A few reasons for feeling different this time around...

Read More

Watched pots never boil.

Elephants have gestation periods that last up to 22 months. That’s almost two years of pregnancy! I look at Mrs. Jumbo, Dumbo’s mother, with new awe.

I promise, you do not resemble an elephant, even at your most pregnant state! 

I promise, you do not resemble an elephant, even at your most pregnant state! 

Anyone who has been pregnant past 38 weeks probably understands my shock and awe of an elephant gestation. And anyone who’s been pregnant past their due date definitely understands.  

There’s the anticipation with that “due date” in mind. (Note: A due date is not an expiration date. Many mothers carry a pregnancy past the official due date with their care provider’s support.) Most women kind of hope and suspect they will deliver “early” before their due date. When it comes and goes with nary a Braxton Hick in sight, they feel a little disappointed.

Because babies don’t get smaller in utero, do they? And they’ve just delayed meeting their baby by another day. Or two.

sofancy

 It’s like that feeling when the love of your life has been out of town, and is finally returning.

You put on your favorite outfit, maybe some new lingerie, paint your nails, apply your makeup carefully, and drive all the way to the airport.

You navigate the traffic, and you’re waiting in the cell phone lot for your beloved to notify you the plane has landed.

And instead, you get an alert from the airline that the flight was diverted due to terrible weather and it will be hours or even another day before you are reunited.

You sigh, complain, cry, wipe off your mascara and drive back home. Alone and tired and disappointed.

That’s kind of what going past your due date feels like emotionally.

Physically, you feel more tired. Heavier. Truly, you’re not the size of an elephant, even if it feels like it. And is there a waddle to your steps now? Does your back ache? Normal.

Some women choose to walk for miles every day. They’re hoping that walking a lot will help initiate labor.

Some consider chiropractic care or acupuncture or acupressure.

Some have sex in very imaginative positions, all in the name of “natural induction.”

Here’s your doula’s advice:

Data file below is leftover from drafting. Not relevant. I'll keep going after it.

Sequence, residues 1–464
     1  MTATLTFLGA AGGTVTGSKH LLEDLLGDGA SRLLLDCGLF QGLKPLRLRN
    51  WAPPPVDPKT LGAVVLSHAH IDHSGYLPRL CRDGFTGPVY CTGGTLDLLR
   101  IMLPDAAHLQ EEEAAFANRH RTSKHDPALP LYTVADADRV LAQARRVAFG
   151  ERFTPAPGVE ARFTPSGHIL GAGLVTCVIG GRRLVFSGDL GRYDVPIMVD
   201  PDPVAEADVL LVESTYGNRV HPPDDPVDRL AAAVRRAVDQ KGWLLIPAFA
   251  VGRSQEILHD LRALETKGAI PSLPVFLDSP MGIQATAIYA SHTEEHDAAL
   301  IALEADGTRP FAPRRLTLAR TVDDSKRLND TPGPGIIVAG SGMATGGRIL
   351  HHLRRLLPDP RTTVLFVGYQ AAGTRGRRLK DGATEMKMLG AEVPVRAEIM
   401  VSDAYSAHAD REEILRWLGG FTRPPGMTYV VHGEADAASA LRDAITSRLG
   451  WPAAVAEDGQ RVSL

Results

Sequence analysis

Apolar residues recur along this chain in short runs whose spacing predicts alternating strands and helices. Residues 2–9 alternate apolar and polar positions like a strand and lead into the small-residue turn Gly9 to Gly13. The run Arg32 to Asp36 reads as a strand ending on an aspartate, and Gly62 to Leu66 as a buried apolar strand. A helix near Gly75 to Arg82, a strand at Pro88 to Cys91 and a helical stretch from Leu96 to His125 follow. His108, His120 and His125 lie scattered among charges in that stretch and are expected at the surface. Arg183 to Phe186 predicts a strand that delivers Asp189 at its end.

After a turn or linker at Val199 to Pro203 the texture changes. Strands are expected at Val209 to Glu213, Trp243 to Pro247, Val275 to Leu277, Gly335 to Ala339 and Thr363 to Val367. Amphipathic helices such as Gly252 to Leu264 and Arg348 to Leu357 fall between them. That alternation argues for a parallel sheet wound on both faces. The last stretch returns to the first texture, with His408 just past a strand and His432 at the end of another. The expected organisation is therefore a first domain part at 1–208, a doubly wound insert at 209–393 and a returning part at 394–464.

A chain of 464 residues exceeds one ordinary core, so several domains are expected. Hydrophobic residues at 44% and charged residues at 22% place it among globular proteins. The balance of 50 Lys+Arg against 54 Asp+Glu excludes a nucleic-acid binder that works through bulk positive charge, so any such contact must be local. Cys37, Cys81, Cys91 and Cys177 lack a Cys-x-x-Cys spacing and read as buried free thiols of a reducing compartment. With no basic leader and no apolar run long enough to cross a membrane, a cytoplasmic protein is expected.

• Take good care of yourself; these last days are preparation for the uncertainty and discomfort that labor and parenthood embody.
  • Take a nap. This may be your last chance for a 3 hour nap in the middle of the afternoon for a long time.
  • Get a prenatal massage. It feels so good and so relaxing.
  • Go on a date with your partner, even if LulaRoe leggings and a muumuu are all that fit. Wear it proudly, knowing that soon you’ll be back in your favorite jeans.
  • Write a love letter to your partner to give after the baby’s born.
  • Take a bath or get in a hot tub (not too hot! You know that, right?). The water has a marvelous buoyant effect.
  • Go to a movie and forget about your discomfort for a bit as you enter a willing suspension of disbelief.

And talk to your care provider about your options.

Many will request you schedule an induction date to reserve their calendar just in case you’re still pregnant in another week. (Hospital scheduling for non emergent inductions can be challenging at the last minute) Others will continue to employ watchful waiting.

Most care providers will begin scheduling non stress tests and ultrasounds once you’ve gone past your due date. A non stress test measures the baby’s heart rate as it corresponds to movements the baby makes. An ultrasound will test for additional factors such as growth and movements. These will be scheduled every few days until you deliver your baby, to ensure that your baby is continuing to thrive in utero.

Keep in contact with your doula meanwhile. She’s the one person who won’t be overwhelming you every minute of the day like well meaning family and friends: Have you had your baby yet? Are you in labor yet?

Perhaps you could send all of those asking you about your still pregnant status to this website.

When they say watched pots never boil, that means watching it and obsessing over how long it takes makes it seem to take so much longer. Pregnancy can be the same way.